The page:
• Score 25 or higher (composite score) on the ACT
   • Provide a letter of support from a practicing veterinarian

Freshman students enroll at the UM with an Animal Science/Pre-Veterinary major in the
College of Food, Agricultural and Natural Resource Sciences. During the first year of
college students must meet minimum academic and coursework requirements. When
students complete their freshman year they:
    • Submit their VetFAST application for admission to the D.V.M. program
    • Continue their pre-veterinary coursework in the Animal Science major after
       acceptance in VetFAST
    • Begin their veterinary studies during their fourth year of college instead of
       waiting to receive their B.S. degree

At the end of the freshman year, when applying to the VetFAST program students must
    • Experience related to food animal medicine. This can include experience on a
        farm, participation in 4-H or FFA, or involvement in relevant activities during
        their first year at the university
    • A letter of support from their advisor or a faculty member in the College of Food,
        Agricultural and Natural Resources Sciences
    • A letter of support from a veterinarian
    • A minimum grade point average of 3.40 at the end of their first year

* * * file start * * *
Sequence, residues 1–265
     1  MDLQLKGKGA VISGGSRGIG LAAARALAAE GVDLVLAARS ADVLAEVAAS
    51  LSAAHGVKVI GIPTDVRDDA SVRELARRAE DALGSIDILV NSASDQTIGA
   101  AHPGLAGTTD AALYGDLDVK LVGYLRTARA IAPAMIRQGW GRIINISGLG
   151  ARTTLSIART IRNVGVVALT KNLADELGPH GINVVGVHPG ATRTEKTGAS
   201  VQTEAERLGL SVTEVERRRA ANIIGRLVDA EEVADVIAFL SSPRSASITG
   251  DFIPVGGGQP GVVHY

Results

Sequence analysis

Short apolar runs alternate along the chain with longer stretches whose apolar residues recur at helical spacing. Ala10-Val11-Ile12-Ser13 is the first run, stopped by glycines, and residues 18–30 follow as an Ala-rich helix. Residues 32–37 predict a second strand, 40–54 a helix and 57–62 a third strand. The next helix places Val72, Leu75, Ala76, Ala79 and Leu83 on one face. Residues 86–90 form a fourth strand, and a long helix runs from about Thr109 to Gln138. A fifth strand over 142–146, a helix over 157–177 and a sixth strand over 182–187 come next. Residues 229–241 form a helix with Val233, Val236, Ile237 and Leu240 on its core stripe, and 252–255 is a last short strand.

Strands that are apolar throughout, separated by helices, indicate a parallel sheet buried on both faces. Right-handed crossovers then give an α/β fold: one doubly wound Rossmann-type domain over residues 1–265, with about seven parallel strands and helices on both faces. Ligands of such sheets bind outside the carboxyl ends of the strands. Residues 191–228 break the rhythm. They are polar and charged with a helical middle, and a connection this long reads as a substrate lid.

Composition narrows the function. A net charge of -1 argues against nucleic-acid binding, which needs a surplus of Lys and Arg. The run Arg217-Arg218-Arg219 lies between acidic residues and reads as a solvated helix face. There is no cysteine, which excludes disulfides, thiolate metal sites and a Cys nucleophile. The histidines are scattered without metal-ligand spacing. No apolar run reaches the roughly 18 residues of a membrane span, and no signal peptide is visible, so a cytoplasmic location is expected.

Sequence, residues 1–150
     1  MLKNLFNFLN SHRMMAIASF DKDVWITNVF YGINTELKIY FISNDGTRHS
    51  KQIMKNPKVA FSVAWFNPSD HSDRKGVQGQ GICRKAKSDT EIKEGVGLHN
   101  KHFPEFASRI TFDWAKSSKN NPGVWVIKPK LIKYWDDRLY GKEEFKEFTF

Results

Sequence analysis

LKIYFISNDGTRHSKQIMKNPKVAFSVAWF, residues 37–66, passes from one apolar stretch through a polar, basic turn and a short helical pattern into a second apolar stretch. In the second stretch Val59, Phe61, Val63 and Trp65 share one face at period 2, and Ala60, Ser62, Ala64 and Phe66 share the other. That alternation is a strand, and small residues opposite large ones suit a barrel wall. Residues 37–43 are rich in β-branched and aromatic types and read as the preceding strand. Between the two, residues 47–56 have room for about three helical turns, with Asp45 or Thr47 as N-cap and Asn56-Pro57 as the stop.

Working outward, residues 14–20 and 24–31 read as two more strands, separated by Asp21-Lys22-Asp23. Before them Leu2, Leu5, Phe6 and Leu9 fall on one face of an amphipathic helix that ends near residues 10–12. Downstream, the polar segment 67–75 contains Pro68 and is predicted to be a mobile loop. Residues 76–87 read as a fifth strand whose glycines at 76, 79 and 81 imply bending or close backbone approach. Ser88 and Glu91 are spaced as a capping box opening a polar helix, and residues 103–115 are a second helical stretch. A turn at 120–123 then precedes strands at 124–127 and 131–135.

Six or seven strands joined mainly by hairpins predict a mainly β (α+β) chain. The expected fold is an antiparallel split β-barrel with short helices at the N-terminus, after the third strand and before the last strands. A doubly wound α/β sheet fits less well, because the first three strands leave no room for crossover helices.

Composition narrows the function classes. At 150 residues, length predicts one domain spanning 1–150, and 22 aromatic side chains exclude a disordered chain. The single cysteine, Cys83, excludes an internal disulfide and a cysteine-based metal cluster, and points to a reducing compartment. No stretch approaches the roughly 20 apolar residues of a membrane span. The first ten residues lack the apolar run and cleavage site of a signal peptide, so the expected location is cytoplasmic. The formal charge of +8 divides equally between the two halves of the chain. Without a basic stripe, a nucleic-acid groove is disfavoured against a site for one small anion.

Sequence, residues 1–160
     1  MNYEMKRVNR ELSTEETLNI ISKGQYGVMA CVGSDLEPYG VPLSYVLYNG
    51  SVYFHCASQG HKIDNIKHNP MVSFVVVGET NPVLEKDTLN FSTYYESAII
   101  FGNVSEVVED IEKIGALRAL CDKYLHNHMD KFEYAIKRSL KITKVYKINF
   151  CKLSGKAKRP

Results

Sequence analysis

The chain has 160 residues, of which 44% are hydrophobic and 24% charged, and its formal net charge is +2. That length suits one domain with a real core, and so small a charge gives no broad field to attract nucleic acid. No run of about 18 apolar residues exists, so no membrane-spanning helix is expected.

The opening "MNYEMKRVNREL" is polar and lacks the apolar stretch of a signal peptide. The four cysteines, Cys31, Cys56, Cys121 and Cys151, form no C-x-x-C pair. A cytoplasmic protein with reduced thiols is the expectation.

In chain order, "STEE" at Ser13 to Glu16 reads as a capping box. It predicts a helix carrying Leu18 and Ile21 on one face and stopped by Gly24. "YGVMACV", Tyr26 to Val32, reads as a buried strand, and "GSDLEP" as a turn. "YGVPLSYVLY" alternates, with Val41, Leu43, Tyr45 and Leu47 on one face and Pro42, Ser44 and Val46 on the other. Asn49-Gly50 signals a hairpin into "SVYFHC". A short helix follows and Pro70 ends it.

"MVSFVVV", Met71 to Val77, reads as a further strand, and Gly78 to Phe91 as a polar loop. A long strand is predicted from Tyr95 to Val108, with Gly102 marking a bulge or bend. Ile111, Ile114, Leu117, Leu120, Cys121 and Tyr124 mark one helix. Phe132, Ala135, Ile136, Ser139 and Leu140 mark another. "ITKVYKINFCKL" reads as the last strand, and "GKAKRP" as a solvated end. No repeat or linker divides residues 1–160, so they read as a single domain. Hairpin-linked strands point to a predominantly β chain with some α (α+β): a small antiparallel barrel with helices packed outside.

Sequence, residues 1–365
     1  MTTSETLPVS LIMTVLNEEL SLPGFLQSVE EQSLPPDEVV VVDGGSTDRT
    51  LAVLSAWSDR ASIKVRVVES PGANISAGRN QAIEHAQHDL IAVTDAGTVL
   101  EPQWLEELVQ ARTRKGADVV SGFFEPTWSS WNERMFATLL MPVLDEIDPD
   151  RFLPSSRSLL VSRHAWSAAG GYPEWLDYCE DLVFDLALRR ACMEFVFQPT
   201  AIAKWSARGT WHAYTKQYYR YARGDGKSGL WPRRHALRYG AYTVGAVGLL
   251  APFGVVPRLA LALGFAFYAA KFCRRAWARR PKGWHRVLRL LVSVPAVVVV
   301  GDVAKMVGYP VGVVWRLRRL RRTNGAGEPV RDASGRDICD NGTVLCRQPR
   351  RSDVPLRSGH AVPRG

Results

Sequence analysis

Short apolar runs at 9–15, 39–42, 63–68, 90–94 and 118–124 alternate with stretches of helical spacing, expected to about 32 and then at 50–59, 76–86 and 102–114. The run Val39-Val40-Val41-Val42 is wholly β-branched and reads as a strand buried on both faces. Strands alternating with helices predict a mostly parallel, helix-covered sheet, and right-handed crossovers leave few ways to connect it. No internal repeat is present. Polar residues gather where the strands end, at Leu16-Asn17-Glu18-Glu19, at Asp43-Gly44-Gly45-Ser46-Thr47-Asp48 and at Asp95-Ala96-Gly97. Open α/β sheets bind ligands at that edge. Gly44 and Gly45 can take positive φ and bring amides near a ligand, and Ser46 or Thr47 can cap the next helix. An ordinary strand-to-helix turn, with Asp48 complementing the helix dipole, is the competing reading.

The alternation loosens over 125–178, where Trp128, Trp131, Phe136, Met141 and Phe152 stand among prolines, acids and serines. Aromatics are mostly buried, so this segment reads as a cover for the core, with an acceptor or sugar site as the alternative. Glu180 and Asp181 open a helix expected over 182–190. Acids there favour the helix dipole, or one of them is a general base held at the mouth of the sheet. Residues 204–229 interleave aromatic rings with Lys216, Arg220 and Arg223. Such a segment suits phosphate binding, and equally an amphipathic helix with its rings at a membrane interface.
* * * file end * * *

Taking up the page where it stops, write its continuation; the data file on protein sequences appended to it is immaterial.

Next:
To remain a VetFAST participant and automatically gain admission to the D.V.M.
program in their fourth year, students must:
   • Continue to take animal production courses; at least two of these are required
      during the last two years of their pre-veterinary program
   • Complete all required pre-veterinary coursework with a minimum grade point
      average of 3.40 for the first three years

The CVM is expected to admit three to five students to VetFAST each year. Participants
will be selected based on interviews with the CVM admissions committee.

                                                                            Page 6 of 13
University of Saskatchewan
The Alberta Chair in Beef Cattle Health and Productivity has recently been filled. This
chair is designed to encourage and support student interest in food animal practice,
particularly cattle practice.
The Food Animal Teaching Building is just being completed. This facility will provide
an outstanding new teaching facility for surgery, internal medicine and theriogenology
teaching laboratories related to food animals.

Their outcomes assessment program should provide better feedback on why many recent
graduates are going into large and mixed animal practice but not staying there. There are
multi-factorial reasons, but there is a need to better define the issue and a need to work
with practitioners and groups such as the AABP to address these factors.

The school is working proactively with the Western Canadian Association of Bovine
Practitioners to recruit and encourage students to attend their meetings.

Oklahoma State University
Veterinarians for Rural Oklahoma Program—There is considerable interest in increasing
the number of veterinarians for private practice careers in rural Oklahoma. Following is
a plan that entails several components or phases. Keys to this plan are identification of
prospective students, educating them about the profession, strengthening their academic